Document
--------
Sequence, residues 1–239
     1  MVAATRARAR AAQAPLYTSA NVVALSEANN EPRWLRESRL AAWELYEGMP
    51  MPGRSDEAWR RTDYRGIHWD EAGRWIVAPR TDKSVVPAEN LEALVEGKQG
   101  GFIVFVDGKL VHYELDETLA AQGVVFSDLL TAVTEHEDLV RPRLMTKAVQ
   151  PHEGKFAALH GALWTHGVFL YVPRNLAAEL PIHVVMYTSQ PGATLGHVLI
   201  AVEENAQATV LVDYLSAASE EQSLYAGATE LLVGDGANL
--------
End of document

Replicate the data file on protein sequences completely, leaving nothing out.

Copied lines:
Sequence, residues 1–239
     1  MVAATRARAR AAQAPLYTSA NVVALSEANN EPRWLRESRL AAWELYEGMP
    51  MPGRSDEAWR RTDYRGIHWD EAGRWIVAPR TDKSVVPAEN LEALVEGKQG
   101  GFIVFVDGKL VHYELDETLA AQGVVFSDLL TAVTEHEDLV RPRLMTKAVQ
   151  PHEGKFAALH GALWTHGVFL YVPRNLAAEL PIHVVMYTSQ PGATLGHVLI
   201  AVEENAQATV LVDYLSAASE EQSLYAGATE LLVGDGANL